Ilya Schor was born in Zloczow (Galicia), in the Austrian Empire, later Poland, in 1904. He came from a deeply Hasidic family. His father Naftali Schorr was a folk-artist, painting colorfully illustrated store signs for local merchants. Ilya Schor first trained as an apprentice in metal crafts and engraving before enrolling at the Warsaw Academy of Fine Arts in 1930 where he studied painting. In 1937, he was awarded a grant by the Polish government to study in Paris. He exhibited successfully at the Salon d’Automne in 1938. Ilya Schor and his artist wife Resia Schor immigrated to the United States in December, 1941, from Marseilles, via Lisbon, after fleeing Paris in late May 1940. Ilya Schor and Resia Schor had two daughters, born in New York City: artist and writer Mira Schor (b. 1950) and noted literary scholar and theorist, Naomi Schor (1943–2001).
In New York City, Ilya Schor began artwork that would keep fresh his memories of life of the Jews of Eastern Europe, working in the many materials and with the numerous skills at his disposal. He worked on major commissions for synagogues in the United States. Schor’s wood-engraving illustrations for The Earth is The Lord’s and The Sabbath, both important writings by the renowned philosopher and theologian, Rabbi Abraham Joshua Heschel, and for Adventures of Mottel The Cantor’s Son by Sholem Aleichem, have remained in print for over fifty years. Rabbi Heschel wrote of Schor’s work, “In the stillness of the precious images Ilya Schor has called into being, generations to come will hear the voice and the spirit of eternal Israel, the inwardness and piety of our people of Eastern Europe.” Schor was also the creator of unique jewelry and small Judaica objects in silver and gold. In later years he also worked on abstract sculptures in brass and copper.
His work was exhibited at The Salpeter Gallery in New York 1953, the Museum of Contemporary Art in Boston, and the Jewish Museum (New York), 1948, and was included in group exhibitions such as Liturgical Art, Arts Club of Chicago and at the HCE Gallery, Provincetown MA, 1959 and 60; Six American Sculptors, Milwaukee Arts Center; Art in Judaism – Past and Present, Newark Museum, 1957; Six American Sculptors, Arts Club of Chicago, 1956.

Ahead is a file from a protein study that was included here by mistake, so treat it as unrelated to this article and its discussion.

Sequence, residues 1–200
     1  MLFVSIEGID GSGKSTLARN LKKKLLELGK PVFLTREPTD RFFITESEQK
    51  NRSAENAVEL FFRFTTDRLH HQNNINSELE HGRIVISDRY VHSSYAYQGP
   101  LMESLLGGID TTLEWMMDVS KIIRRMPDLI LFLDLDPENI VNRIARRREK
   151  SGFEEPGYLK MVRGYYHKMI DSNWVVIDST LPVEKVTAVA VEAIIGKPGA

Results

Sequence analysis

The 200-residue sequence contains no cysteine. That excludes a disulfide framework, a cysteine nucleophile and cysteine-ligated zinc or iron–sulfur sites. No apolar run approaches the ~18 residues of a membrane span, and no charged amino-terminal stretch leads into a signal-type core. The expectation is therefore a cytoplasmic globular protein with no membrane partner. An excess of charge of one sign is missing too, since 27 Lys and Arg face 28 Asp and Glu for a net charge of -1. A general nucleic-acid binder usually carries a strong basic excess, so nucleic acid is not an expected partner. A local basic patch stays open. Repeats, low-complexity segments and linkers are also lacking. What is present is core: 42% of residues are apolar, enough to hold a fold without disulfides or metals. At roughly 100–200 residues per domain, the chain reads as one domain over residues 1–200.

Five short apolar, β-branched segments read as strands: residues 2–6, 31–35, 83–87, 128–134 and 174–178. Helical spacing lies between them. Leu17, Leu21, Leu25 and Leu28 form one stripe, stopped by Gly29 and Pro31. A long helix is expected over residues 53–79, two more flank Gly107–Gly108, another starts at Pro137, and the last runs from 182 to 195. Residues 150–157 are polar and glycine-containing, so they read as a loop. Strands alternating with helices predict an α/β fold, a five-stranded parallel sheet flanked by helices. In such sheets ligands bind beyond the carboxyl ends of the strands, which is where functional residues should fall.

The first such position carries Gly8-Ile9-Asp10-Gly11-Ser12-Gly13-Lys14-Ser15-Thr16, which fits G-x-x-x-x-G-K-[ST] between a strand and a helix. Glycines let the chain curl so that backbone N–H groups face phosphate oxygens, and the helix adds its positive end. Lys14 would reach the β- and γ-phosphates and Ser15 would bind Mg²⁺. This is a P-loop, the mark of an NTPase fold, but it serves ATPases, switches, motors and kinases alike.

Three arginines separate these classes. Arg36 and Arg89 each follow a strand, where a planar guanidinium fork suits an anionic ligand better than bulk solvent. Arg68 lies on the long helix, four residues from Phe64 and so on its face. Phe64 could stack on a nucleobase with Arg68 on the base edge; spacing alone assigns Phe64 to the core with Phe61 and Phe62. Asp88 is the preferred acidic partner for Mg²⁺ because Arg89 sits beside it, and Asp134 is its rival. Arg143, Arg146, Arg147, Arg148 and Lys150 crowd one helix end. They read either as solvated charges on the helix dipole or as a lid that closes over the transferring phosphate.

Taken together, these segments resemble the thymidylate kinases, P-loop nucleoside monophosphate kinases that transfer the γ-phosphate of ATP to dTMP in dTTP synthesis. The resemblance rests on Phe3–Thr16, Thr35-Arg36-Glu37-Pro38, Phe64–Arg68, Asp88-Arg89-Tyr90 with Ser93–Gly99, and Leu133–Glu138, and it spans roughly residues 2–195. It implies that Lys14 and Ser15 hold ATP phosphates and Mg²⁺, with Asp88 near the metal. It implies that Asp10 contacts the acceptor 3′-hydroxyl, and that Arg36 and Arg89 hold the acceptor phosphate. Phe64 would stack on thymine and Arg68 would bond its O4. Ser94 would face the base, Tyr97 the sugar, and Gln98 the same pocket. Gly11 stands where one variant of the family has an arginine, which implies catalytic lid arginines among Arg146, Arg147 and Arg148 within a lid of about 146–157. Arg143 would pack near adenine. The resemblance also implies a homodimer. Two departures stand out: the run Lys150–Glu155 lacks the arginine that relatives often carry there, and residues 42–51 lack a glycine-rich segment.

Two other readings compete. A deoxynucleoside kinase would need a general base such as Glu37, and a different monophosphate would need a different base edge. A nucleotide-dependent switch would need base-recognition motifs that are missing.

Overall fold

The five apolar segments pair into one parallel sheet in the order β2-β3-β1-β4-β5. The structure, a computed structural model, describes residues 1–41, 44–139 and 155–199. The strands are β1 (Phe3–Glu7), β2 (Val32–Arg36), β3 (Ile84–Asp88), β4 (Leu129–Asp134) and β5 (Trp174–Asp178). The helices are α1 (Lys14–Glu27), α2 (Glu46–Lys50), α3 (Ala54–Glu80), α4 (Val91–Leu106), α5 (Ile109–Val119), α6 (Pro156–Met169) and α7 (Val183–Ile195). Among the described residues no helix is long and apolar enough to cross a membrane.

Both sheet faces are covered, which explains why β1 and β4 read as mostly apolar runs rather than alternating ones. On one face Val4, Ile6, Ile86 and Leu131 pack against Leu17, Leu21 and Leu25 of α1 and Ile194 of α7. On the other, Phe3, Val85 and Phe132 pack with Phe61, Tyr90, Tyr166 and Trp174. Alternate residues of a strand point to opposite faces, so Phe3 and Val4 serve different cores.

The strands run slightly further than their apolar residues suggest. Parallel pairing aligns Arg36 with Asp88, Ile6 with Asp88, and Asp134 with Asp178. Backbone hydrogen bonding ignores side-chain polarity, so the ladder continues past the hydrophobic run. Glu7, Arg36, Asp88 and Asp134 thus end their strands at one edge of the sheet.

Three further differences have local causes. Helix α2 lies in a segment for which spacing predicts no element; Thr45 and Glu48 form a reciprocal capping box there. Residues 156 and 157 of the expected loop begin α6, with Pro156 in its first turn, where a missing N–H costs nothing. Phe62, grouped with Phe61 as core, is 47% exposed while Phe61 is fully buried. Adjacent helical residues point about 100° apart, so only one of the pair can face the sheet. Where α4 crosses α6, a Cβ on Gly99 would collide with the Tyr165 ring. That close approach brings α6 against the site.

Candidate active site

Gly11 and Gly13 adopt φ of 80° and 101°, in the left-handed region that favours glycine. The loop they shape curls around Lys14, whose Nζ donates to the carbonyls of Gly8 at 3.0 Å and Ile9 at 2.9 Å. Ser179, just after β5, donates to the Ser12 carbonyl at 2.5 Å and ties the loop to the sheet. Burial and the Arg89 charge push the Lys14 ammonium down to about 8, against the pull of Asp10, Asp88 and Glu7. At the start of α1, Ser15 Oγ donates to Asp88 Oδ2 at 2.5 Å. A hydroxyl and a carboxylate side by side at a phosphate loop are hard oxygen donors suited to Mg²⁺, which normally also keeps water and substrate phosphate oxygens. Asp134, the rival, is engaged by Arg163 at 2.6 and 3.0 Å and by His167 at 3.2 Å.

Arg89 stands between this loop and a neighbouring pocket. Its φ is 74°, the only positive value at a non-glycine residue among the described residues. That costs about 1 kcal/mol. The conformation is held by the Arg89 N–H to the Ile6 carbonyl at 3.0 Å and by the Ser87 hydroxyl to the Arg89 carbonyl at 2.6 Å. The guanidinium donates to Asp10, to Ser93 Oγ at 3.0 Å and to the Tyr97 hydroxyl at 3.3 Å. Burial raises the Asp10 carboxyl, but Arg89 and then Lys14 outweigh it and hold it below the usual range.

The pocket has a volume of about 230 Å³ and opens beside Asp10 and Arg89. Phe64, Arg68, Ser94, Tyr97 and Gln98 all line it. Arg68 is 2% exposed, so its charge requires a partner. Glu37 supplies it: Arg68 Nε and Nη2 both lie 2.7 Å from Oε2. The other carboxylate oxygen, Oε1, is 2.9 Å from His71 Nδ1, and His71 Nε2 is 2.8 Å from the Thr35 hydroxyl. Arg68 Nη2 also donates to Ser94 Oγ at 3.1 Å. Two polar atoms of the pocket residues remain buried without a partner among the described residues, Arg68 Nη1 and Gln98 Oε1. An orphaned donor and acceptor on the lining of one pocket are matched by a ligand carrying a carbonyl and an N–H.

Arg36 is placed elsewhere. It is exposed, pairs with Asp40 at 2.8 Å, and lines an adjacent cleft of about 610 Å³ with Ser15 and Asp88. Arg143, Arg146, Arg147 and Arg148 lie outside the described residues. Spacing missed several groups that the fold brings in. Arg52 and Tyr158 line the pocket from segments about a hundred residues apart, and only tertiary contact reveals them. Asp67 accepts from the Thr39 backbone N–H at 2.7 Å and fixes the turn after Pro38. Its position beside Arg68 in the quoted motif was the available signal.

Ilya Schor died in New York City in 1961. A retrospective of his work was held at the Jewish Museum (New York) in 1965. Another smaller exhibition of works in varied media, “Life of the Old Jewish Shtetl: Paintings and Silver by Ilya Schor,” was held at Yeshiva University Museum in 1975. His works are included in the collections of the Metropolitan Museum of Art, the Jewish Museum (New York), The Jerusalem Great Synagogue Jacob and Belle Rosenbaum Mezuzah Collection, North Carolina Museum of Art, and Sydney Jewish Museum, Sydney, Australia.
John Heron Art Institute
Cape Cod School of Art, with Charles Hawthorne, Henry Hensche, and with Edwin Dickinson
Pennsylvania Academy of Fine Arts, 1933
Corcoran Gallery of Art, 1935, 1937, 1939
National Academy of Design, 1936, 1938, 1939, 1940, 1954
Art Institute of Chicago, 1941
Philadelphia Watercolor Club
Institute of Modern Art, Boston, 1939
Provincetown Art Association and Museum
Art USA, New York, 1959
Cape Museum of Fine Arts
Hirshhorn Museum and Sculpture Garden
Chrysler Museum of Art
Cape Museum of Fine Arts
Provincetown Art Association and Museum
Known for his scenes of Provincetown, Massachusetts and surrounding area, especially atmospheric seascapes, Philip Malicoat settled in Provincetown, where he had first gone as a student of Charles Hawthorne with whom he had first studied at the John Herron Institute in Indianapolis.
Accoarding to Malicoat, Hawthorne had a big reputation and came to the Herron Institute on one of his many tours around the country to give demonstration classes. He was a very positive, encouraging and upbeat teacher and demanding but not overtly demanding. Malicoat then painted with him at Provincetown. Of this experience, he said: “You always came out of his class wanting to get right going again, because there was plenty of room to get better. Besides, on the weekend we usually scrapped down our old canvases that we used all week and repaint them, so we’d be ready for Monday.”
Students of Hawthorne were a big part of the population there. “You could go down the street in the evenings before the summer was over and know practically everybody. There weren’t many tourists in town.”
There were older, established artists there, and Malicoat spent his first winter in Provincetown in 1931. He was a member of the Beachcombers, a social group where he hobnobbed with the other artists including Gerrit Beneker, Edwin Dickinson, William Paxton, Karl Knaths, Ross Moffett, and Coulton and Frederick Waugh.
Malicoat was born in Indianapolis and there attended the John Herron Art Institute from 1928 to 1929. Following that period, he studied at Provincetown with Charles Hawthorne and also Henry Hensche at their Cape Cod School of Art and, staying on, became a trustee of the Provincetown Art Association.
He was also active at Woodstock, New York, and exhibited with the Woodstock Art Association. Other exhibition venues included the Corcoran Gallery, the National Academy of Design, and the Art Institute of Chicago.
Early in his career, he painted in both watercolor and oil, but from the 1950s, used only oil paint.
Art Students League, 1926-1929
Academie Scandinave, Paris, 1930
Hans Hofmann School of Fine Arts, 1947-1949
Atelier Leger, Paris, 1950
Orthon Frieze, Paris
Selected Solo Exhibitions:
1949 Artists Gallery, New York City
1956 Portland Museum of Art, Portland, Maine
1959 T.K. Gallery Provincetown, MA
1959, 57, 55, 53 Rose Fried Gallery, New York City